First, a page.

Morphology of Bacteria
Living organisms are differentiated from non living matter by their (1) ability to reproduce (2) ability to ingest or assimilate food and metabolize them for energy and growth (3) ability to excrete waste products (4) ability to react to changes in their environment (irritability) and (5) susceptibility to mutation. The living organisms include a variety of micro and macro organisms of different size, shape, morphology and behaviour. They include tiny bacteria, protozoans, worms, plants and animals.
Bacteria, cyanobacteria (blue green algae) microalgae, protozoa, yeasts and fungi represent the microorganisms. Prokaryotes are organisms with primitive type of nucleus lacking a well defined membrane (Figure 7.1). The nuclear material is a DNA molecule in prokaryotes compared to chromosomes of higher organisms. Eukaryotes are organisms with cells having true nuclei enclosed in a nuclear membrane and are structurally more complex than prokaryotes. There exists varying degree of localization of cellular functions in eukaryotes that occur in distinct membrane bound intracellular organelles like nuclei, mitochondria, chloroplasts. The cells of living organisms are either prokaryotic or eukaryotic in nature and there is not any intermediate condition. The size, shape, morphology and the internal cellular organizations are different in these two groups.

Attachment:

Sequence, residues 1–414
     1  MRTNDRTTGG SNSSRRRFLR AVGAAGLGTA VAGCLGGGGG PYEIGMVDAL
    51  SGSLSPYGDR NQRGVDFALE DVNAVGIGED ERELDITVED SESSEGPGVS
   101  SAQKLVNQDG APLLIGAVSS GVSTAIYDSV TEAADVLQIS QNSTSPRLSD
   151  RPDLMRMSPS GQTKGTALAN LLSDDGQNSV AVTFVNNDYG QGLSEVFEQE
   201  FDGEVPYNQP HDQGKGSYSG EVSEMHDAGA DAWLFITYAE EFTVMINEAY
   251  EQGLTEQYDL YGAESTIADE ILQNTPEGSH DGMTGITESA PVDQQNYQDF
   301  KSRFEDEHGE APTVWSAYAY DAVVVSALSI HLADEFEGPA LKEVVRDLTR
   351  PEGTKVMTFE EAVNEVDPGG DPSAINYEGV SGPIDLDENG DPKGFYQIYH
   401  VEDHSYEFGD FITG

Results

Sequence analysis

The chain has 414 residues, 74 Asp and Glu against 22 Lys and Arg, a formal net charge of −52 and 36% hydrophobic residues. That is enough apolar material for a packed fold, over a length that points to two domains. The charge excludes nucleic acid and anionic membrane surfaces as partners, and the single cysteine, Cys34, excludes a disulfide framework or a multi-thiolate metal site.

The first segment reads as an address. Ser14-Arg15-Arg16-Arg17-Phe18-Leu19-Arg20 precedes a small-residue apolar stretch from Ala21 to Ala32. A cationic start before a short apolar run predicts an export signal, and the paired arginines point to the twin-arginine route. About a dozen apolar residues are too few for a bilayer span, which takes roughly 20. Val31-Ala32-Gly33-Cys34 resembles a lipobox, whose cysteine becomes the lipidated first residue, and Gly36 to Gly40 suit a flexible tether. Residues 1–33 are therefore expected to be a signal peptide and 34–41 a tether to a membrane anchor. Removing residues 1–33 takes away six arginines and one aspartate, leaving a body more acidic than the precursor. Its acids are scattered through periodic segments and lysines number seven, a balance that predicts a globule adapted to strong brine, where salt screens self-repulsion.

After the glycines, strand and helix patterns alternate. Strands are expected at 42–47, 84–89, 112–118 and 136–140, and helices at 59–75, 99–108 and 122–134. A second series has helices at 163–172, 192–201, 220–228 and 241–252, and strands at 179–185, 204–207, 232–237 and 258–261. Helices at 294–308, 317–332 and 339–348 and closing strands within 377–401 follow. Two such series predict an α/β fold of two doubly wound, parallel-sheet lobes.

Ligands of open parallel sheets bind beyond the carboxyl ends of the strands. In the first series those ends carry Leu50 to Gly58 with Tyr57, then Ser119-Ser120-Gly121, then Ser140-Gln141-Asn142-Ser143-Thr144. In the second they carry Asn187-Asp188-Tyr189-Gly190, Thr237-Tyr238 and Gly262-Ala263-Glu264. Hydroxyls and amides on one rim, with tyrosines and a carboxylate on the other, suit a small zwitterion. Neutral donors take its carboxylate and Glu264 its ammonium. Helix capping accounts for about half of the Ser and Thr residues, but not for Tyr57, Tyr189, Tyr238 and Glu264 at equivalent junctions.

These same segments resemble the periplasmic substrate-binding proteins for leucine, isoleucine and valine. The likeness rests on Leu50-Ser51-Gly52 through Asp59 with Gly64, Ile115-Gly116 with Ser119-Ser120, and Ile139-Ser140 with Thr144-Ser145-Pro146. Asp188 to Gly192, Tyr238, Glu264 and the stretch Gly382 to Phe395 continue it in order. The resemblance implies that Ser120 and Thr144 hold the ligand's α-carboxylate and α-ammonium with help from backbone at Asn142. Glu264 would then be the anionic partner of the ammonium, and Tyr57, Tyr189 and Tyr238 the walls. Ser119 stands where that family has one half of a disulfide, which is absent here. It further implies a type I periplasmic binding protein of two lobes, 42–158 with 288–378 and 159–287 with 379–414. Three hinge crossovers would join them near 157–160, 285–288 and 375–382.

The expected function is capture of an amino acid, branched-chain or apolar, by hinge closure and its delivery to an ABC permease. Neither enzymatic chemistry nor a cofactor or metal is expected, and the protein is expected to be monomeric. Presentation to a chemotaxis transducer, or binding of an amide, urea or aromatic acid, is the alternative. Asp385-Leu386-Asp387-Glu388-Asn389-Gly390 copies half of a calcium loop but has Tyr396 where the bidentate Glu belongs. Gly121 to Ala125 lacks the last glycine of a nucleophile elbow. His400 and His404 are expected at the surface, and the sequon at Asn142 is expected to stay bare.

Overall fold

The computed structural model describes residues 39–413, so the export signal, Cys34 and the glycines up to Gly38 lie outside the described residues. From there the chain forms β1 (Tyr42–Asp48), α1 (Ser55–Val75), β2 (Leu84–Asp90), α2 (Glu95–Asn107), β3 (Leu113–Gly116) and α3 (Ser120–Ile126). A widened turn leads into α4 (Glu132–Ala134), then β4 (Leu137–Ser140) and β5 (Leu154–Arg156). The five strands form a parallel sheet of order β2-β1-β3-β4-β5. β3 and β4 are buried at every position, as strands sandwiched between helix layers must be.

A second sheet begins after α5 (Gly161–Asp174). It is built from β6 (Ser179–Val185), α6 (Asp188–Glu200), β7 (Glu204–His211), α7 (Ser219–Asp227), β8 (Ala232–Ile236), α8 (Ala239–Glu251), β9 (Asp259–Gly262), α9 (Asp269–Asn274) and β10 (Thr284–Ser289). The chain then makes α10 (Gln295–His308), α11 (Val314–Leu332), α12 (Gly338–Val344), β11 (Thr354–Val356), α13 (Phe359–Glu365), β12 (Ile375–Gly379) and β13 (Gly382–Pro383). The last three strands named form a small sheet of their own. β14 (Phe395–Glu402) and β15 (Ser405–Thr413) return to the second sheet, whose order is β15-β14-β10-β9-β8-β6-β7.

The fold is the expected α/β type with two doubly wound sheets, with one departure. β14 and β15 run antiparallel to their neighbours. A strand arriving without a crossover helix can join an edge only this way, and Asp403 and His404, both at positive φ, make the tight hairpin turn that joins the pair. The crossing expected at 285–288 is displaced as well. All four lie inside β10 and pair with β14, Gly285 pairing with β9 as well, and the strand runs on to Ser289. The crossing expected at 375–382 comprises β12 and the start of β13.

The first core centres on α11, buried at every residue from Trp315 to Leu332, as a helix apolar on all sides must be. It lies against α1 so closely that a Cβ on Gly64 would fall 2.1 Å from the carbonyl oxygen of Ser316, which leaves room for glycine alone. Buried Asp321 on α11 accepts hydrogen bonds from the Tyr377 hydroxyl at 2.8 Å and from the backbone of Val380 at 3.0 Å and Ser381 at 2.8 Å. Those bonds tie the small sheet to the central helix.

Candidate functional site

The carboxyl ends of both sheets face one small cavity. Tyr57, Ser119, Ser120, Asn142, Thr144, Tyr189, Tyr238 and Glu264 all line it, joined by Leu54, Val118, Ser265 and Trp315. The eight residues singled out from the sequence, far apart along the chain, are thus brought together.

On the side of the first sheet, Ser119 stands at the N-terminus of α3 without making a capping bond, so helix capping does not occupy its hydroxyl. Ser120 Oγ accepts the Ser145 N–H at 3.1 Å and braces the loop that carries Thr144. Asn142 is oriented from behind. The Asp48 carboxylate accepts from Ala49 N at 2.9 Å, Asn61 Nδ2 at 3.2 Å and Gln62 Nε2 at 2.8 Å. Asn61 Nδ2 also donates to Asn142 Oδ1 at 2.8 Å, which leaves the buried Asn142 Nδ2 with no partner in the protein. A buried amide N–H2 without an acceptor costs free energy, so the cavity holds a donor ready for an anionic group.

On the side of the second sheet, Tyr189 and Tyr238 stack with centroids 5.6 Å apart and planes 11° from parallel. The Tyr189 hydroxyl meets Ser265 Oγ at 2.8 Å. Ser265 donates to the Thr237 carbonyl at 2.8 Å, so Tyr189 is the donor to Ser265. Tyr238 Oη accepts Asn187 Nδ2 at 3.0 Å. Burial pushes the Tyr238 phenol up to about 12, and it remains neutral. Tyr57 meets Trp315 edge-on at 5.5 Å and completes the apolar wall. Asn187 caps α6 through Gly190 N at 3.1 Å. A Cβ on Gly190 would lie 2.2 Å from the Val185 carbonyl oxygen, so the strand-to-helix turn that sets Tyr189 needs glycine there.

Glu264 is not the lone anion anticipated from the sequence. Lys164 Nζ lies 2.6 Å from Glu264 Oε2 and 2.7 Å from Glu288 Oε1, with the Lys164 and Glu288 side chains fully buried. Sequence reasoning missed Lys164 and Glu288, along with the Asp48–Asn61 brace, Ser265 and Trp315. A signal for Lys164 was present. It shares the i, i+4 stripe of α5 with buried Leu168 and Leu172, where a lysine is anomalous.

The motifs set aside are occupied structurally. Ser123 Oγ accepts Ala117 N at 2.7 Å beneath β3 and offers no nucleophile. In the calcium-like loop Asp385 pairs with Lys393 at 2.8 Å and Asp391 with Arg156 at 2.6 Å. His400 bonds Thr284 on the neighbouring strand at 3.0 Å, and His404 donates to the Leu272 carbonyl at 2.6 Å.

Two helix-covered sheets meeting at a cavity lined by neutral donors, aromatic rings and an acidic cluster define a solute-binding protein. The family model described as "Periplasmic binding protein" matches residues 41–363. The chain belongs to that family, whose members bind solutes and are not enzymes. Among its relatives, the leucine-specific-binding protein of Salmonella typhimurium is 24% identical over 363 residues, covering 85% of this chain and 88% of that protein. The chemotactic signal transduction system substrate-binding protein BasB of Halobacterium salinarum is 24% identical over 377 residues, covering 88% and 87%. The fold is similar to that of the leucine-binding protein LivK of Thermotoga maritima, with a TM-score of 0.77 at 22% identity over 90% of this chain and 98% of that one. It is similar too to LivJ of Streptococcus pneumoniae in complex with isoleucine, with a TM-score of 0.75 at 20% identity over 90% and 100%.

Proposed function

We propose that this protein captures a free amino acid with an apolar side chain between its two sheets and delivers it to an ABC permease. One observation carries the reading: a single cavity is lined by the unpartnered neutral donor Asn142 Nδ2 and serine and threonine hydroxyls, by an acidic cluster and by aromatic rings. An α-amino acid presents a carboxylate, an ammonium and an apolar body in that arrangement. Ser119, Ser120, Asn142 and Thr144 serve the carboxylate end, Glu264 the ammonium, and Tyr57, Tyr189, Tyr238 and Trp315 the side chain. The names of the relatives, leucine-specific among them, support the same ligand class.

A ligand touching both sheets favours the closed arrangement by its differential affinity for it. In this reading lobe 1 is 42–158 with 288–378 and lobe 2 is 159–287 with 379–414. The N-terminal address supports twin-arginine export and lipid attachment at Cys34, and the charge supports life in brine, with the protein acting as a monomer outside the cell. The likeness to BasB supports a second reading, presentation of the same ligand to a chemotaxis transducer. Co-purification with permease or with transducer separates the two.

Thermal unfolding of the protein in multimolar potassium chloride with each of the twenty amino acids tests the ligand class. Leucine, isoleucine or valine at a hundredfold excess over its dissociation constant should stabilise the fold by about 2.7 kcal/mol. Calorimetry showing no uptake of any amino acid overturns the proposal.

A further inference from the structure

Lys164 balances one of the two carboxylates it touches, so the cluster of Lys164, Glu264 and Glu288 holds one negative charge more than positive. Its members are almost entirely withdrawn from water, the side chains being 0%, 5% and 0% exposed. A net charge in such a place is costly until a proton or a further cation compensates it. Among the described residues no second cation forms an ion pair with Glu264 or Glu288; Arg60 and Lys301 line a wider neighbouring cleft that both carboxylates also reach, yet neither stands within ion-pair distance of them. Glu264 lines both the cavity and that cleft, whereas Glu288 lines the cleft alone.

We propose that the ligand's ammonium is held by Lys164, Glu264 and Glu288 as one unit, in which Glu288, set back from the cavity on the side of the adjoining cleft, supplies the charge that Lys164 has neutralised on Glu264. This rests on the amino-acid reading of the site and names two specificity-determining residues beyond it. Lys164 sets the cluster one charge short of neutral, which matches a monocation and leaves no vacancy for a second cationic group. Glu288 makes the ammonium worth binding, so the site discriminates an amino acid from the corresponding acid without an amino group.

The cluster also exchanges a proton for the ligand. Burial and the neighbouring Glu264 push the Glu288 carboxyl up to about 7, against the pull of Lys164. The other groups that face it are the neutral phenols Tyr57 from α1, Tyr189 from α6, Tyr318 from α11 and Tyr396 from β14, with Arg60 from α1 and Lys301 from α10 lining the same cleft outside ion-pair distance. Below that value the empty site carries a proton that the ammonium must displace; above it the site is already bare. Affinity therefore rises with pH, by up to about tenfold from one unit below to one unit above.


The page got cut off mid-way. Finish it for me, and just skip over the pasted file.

Satisfactory criteria to differentiate bacteria, fungi and algae could not be made until the development of electron microscope, which depicted the internal structure of these organisms. The absence of membrane bound internal structures in bacteria and their presence in fungi, algae, protozoa, plant and animal cells was taken as criterion to differentiate prokaryotes and eukaryotes.
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